China (Food) Essay, Research Paper
China s food is very unique and traditional. Grains are the main food in China. Rice is
the favorite grain among the people in the South. In the north, people prefer wheat, which they
make in to bread and noodles. Corn millet, and sorghum are also eaten. Vegetables, especially
cabbage and Tofu rank second in Chinese diet. Roasted sweet potatoes are a popular snack
eaten by the Chinese. Pork and poultry are the favorite meats in China. The people also like
eggs, fish, fruit, and shellfish.
Chop Suey originated in China. Chop sticks and soup spoons are served as the only
utensils at a Chinese meal. Tea is the traditional Chinese beverage. Ice-cream has gained
popularity in China. Food from the East and Southeast coastal areas includes fish, crabs, and
shrimp. The spiciest foods come from Sichuan, and Hunan.
The texture of dishes is prized in China, as with sharks fin, and some have such unusual
ingredients such as snakes. Food in China is mostly stir-fried rapidly in oil at a very high
temperature. Fujian Cuisine is famous for delicately cooked fish and crabs for soups and for
flavorings such as soy-sauce.
Breakfast in China may be rice porridge, chicken noodle soup, or deep fried pastries that
taste like donuts. In China the people s favorite lunch time foods include eggrolls, and
dumplings filled with meat or shrimp. A typical Chinese dinner includes vegetables with bits of
meat or seafood, soup, and rice and noodles.
A Chinese cuisine has definite rules for the appropriate combining of the ingredients into
dishes, and dishes in to an appropriate meal. A typical home meal for no special purpose might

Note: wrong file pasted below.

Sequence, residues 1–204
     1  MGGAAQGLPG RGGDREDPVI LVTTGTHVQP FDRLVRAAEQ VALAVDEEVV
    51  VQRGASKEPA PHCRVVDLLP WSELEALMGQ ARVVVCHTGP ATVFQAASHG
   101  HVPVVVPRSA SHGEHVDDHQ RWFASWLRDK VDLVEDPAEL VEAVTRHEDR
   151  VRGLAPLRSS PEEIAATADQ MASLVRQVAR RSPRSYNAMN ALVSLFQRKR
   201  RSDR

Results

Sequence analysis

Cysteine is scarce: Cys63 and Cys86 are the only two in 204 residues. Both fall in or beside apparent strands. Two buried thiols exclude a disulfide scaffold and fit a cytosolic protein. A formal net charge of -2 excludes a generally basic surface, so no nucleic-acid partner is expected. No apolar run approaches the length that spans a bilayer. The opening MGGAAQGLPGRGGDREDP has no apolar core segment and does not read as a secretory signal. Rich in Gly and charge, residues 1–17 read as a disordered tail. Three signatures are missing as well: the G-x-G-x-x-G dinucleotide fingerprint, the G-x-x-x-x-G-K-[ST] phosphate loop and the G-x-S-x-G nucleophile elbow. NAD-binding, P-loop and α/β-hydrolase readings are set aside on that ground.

include boiled rice, soup, steamed fish, and stir-fried pork with vegitables. Each dish is in a
separate category. 1. The cooking method 2. Appearance 3. Texture. Main ingredients are all
different. Asian individual dishes, flavors, textures and ingredients should complement and
harmonize each other, rather than being the same. Food must strike attention in good cuisine
Chef Martin Yan is the best of Asian Chefs. He has his own t.v. show called Yan Can
Cook which now airs in 70 countries for the past 19 years. He recently took a trip to Boston to
have a cooking duel with a French chef named Jacky Robert. In Boston Yan turned similar sets
of ingredients into magnificent French and Chinese dishes. Yan says You don t want to
confuse people because you basically make a mess. Yan says Cooking is not just a science,
but also an art. Yan chose a Boston favorite as an illustration. He said Lobster with a black
bean and garlic sauce with just a touch of butter and spices: delicious, but add hoison and plum
sauce and you can not taste anything. Yan cautions against the word fusion today. Yan says he
incorporates Yin and Yang in his cooking where ever possible.